Arkansas AG warns of caller ID spoofing

Updated: June 1, 2018

Courtesy of the Arkansas Attorney General’s Office

(This is the first of a series provided by the Arkansas Attorney General’s Office to inform the public on several varieties of scams)

This is the practice of causing the telephone network to display a number on the recipient’s Caller ID display which is not that of the actual originating station. The term is commonly used to describe situations in which the motivation is considered malicious by the speaker. Just as e-mail spoofing can make it appear that a message came from any e-mail address the sender chooses, Caller ID spoofing can make a call appear to have come from any phone number the caller wishes.

While there are legitimate uses for Caller ID spoofing, here are some uses that are not considered legitimate:

– Voicemail Hacking – Caller ID spoofing can, in some cases, be used to access voicemail boxes with some providers. Many phone providers have taken steps to prevent this from happening on their systems.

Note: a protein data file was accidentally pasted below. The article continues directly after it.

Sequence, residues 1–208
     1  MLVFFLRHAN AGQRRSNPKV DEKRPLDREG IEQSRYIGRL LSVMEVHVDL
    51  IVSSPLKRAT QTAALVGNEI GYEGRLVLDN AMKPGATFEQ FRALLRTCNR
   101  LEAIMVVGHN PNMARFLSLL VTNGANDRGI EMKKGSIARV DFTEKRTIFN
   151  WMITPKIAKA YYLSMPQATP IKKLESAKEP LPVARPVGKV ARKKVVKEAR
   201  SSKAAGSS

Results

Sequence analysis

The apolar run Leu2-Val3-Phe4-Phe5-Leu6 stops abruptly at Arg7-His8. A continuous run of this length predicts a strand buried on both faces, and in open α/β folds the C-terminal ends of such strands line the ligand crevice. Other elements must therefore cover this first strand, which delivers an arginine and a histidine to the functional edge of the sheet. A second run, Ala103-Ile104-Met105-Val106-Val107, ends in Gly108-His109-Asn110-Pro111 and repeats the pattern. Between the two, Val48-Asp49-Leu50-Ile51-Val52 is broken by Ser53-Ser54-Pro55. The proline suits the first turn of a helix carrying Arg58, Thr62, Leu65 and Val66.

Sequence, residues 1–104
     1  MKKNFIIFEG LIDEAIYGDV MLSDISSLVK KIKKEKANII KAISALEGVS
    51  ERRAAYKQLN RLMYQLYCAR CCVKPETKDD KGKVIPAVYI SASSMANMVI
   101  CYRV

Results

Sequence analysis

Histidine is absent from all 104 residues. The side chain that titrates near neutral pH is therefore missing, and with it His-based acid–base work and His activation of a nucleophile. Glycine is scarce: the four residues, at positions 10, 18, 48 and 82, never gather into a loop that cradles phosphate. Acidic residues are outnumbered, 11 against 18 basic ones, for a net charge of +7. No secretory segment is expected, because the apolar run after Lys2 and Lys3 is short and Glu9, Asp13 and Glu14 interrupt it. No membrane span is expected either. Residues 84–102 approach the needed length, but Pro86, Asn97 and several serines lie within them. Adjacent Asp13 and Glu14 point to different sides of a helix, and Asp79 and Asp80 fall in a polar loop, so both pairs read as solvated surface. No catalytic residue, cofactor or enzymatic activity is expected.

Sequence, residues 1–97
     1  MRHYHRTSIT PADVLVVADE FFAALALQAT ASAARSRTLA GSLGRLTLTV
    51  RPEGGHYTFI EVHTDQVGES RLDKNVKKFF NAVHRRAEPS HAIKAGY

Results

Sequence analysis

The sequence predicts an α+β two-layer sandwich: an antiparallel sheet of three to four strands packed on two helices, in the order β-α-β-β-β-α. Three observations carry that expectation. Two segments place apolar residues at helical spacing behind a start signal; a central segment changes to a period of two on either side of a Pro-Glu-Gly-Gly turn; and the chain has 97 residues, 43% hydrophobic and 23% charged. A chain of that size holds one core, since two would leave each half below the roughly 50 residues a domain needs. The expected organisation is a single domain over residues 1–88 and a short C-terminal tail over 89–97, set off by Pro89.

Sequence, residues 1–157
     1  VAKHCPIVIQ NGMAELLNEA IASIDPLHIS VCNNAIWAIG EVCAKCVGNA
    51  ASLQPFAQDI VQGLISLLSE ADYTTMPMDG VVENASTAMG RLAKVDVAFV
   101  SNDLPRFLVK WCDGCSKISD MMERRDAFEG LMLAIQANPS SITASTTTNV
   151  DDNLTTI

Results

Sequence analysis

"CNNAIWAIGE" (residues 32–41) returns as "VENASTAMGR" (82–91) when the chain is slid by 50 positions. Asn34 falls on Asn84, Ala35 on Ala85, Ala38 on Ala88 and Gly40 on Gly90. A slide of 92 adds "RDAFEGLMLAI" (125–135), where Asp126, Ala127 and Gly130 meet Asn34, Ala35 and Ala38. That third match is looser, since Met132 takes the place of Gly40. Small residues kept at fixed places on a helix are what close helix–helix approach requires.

– Wire Fraud – scammers have figured out that businesses providing wire transfer services rely on Caller ID to verify that the caller is calling from their home phone numbers. The scammers will call to initiate a wire transfer with the Caller ID of the person they are pretending to be, and will use that person’s credit card or bank account to transfer funds to another account – most often in another country.

– Phone Phishing – phishing scammers are using Caller ID spoofing to gain personal information from victims over the telephone by appearing to be from the victim’s bank or credit card company, etc. Phone phishing is fraud and is illegal.

– Threats – Caller ID spoofing has been used to phone in bomb threats, kidnapping and other threats to law enforcement. Law enforcement takes threats seriously and investigations cost thousands of dollars in resources until the threat is proven to be a hoax.

– Prank Calls – Caller ID spoofing is often used in making prank calls to friends and family. While these calls are often harmless, they can cause alarm to the recipient of the call.

While there is currently no way to block your phone from Caller ID spoofing, here are some common tips to remember when you receive a telephone call:

– Don’t trust anyone. Anyone you do business with already has the information they need on you. They will not call and ask you your social security number or to verify your account number.

– If you receive a call from your bank, credit card company etc., write down the number on the caller ID, hang up and redial their number.

– Don’t assume it is who you think it is, even if the Caller ID indicates it is a relative, your children’s school or the local police department. You may wish to exercise some caution.  For instance, you could hang up and call the number back.